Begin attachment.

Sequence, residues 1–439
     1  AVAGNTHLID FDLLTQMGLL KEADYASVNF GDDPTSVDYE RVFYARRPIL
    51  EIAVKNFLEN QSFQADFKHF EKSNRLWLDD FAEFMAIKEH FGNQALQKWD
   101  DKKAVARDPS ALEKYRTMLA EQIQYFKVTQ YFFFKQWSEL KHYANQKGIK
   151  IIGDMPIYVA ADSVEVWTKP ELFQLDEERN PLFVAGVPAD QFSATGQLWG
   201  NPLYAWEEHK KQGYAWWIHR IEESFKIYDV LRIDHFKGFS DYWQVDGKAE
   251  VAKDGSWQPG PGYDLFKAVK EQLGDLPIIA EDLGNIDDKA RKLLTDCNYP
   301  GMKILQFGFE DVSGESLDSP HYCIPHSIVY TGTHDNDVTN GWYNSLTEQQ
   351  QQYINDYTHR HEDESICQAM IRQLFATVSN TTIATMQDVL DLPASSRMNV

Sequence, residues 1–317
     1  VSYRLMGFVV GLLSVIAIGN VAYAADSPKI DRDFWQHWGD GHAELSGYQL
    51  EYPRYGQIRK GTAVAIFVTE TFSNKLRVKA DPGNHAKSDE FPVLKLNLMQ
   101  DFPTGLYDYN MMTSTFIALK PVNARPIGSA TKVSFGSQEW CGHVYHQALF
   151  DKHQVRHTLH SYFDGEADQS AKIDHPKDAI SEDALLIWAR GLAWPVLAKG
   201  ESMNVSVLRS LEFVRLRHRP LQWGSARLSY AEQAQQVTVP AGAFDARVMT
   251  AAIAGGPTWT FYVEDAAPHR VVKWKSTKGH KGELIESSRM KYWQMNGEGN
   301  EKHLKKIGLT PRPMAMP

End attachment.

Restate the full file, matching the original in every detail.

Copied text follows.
Sequence, residues 1–439
     1  AVAGNTHLID FDLLTQMGLL KEADYASVNF GDDPTSVDYE RVFYARRPIL
    51  EIAVKNFLEN QSFQADFKHF EKSNRLWLDD FAEFMAIKEH FGNQALQKWD
   101  DKKAVARDPS ALEKYRTMLA EQIQYFKVTQ YFFFKQWSEL KHYANQKGIK
   151  IIGDMPIYVA ADSVEVWTKP ELFQLDEERN PLFVAGVPAD QFSATGQLWG
   201  NPLYAWEEHK KQGYAWWIHR IEESFKIYDV LRIDHFKGFS DYWQVDGKAE
   251  VAKDGSWQPG PGYDLFKAVK EQLGDLPIIA EDLGNIDDKA RKLLTDCNYP
   301  GMKILQFGFE DVSGESLDSP HYCIPHSIVY TGTHDNDVTN GWYNSLTEQQ
   351  QQYINDYTHR HEDESICQAM IRQLFATVSN TTIATMQDVL DLPASSRMNV

Sequence, residues 1–317
     1  VSYRLMGFVV GLLSVIAIGN VAYAADSPKI DRDFWQHWGD GHAELSGYQL
    51  EYPRYGQIRK GTAVAIFVTE TFSNKLRVKA DPGNHAKSDE FPVLKLNLMQ
   101  DFPTGLYDYN MMTSTFIALK PVNARPIGSA TKVSFGSQEW CGHVYHQALF
   151  DKHQVRHTLH SYFDGEADQS AKIDHPKDAI SEDALLIWAR GLAWPVLAKG
   201  ESMNVSVLRS LEFVRLRHRP LQWGSARLSY AEQAQQVTVP AGAFDARVMT
   251  AAIAGGPTWT FYVEDAAPHR VVKWKSTKGH KGELIESSRM KYWQMNGEGN
   301  EKHLKKIGLT PRPMAMP